This project started as a question: What is it that makes ducks funny? Moreover, I wanted to know if there was a code behind the movement of a funny duck. Rather than attempting to understand everything at once, I chose a simple behaviour, walking, and investigated its “funny” potential. Since emotions are also seen among laughing people, they were chosen as nuances for the walking behaviour.
Procedural animation was used on a duck rig prototype to create a palette of stylized walk cycles. People were then asked to name the emotions they thought each duck walk expressed and also if they found them funny. This work is part of the Character Essences project, which focuses on recreating believable actions using procedural animation.
Once upon a time there was a mouse named Gram Glueypaws who lived in the manor house of a rich granny, Beatrice Sparklington. Every day Gram would leave his burrow, from under the mahogany staircase, to steal some shiny jewels granny Beatrice left around the house.
Until one day, Beatrice saw Gram plodding along her persian carpet with her best string of pearls. Beatrice shrieked and called her servants to find the rodent. Her servants searched and dug inside the house with pickaxes and shovels. They made many holes and made Beatrice furious.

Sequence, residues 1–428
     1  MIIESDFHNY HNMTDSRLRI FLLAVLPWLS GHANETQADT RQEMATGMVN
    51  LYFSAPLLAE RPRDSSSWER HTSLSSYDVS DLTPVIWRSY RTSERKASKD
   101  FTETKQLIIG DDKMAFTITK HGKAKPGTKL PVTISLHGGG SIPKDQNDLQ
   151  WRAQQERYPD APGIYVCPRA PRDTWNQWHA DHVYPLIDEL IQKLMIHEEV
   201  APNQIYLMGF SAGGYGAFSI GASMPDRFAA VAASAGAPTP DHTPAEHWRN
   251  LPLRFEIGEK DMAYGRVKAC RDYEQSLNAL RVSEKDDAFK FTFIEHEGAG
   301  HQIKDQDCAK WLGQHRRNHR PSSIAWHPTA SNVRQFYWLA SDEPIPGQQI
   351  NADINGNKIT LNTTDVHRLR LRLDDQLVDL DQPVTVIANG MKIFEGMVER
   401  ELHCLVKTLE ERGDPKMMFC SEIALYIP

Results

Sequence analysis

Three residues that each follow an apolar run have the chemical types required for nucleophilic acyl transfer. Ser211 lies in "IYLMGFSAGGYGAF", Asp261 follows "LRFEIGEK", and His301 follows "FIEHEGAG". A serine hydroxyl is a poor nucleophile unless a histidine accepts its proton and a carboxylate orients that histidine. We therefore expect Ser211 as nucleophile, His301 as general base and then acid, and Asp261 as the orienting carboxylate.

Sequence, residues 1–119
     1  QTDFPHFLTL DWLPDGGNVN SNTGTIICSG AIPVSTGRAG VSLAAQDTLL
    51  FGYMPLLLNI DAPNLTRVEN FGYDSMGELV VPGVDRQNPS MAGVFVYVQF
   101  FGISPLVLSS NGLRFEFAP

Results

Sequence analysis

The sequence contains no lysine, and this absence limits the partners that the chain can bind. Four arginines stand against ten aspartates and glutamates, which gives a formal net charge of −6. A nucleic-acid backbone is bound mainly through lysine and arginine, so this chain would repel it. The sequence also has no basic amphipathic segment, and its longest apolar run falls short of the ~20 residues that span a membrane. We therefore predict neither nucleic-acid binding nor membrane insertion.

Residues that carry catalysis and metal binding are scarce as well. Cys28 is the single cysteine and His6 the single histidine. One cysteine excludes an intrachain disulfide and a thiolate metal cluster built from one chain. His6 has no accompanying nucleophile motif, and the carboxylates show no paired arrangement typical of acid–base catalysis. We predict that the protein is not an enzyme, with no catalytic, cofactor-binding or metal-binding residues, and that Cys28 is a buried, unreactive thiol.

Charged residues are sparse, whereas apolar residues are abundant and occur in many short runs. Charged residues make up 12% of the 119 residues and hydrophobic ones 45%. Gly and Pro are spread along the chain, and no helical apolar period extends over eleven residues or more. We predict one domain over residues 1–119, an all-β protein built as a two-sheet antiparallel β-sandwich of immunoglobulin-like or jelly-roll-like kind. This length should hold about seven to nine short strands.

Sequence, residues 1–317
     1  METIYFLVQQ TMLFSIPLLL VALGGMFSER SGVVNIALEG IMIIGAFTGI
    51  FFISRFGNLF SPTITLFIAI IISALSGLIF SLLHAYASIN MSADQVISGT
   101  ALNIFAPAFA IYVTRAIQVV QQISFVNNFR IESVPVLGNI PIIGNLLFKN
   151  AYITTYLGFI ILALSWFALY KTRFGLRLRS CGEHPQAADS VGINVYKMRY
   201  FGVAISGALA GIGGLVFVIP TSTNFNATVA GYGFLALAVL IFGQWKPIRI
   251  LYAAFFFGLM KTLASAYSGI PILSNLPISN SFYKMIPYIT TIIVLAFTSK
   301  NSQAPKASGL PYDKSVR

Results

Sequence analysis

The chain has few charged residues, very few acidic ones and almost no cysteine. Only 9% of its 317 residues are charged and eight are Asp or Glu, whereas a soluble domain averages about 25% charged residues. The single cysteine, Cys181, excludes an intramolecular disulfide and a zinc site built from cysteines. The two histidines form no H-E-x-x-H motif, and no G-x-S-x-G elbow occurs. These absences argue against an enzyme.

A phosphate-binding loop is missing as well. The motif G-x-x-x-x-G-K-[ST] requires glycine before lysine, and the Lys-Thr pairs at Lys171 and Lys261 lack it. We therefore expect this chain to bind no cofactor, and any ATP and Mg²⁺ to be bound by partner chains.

Until finally, they discovered Gram’s treasure trove. He had collected hundreds of jewels and pearls to decorate his home for his wife and newly born baby mouse, Stephen. Beatrice’s heart melted, remembering her past youth and unrequited wish to have children. She forgave Gram and his grubby paws.
Ever since that day, Beatrice and Gram have been the best of friends. Gram decorates Beatrice’s home, which now looks like swiss cheese, and she helps his family with spare food and jewelry.
The moral of the story is: Never judge someone’s actions, because you don’t know the whole truth.
Gram is a work in progress character, but here are some technical details that might help you create and render your own characters.
Gram was modelled in Autodesk Maya 2018 and rendered with Arnold Renderer. The face count is 223 360. The materials used were mostly aiStandardSurface, an Arnold specific material, which allows presets like Skin, for realistic skin effects. Purple shades were added in the SubsurfaceColour sections of the material, with the SkinPreset activated. For the eyes, a circular colour ramp was used to create the iris and pupil.
Lighting was done with four Arnold Area Lights, two on the sides, one on top and one at the bottom of the character. Intensities had to be over 500 for them to take the desired effect. The background is two thirds of a box in Smooth mode, with its normals reversed. It was lit using a Directional Light, that had its link broken with the mesh. This is to ensure the light doesn’t affect the character, but lights up the background instead. In the Renderer Settings, under the Arnold Renderer tab, the Camera and Diffuse samples were set to 5 to remove potential noise from the image.
Note: Gram is part of the tutorials I created for 3D Character Development, a unit part of the BSc Character Animation and VFX course at Manchester Metropolitan University.
King Oakenair of Pagefort is the maker of worlds in humans’ imagination, when they read books. He paints the mountains and clouds, the trees and lakes from descriptions. The cloud on top of his cape shows his mood and can thunder and cast lighting when he is angry. His cape can show the stars in a moonlit sky.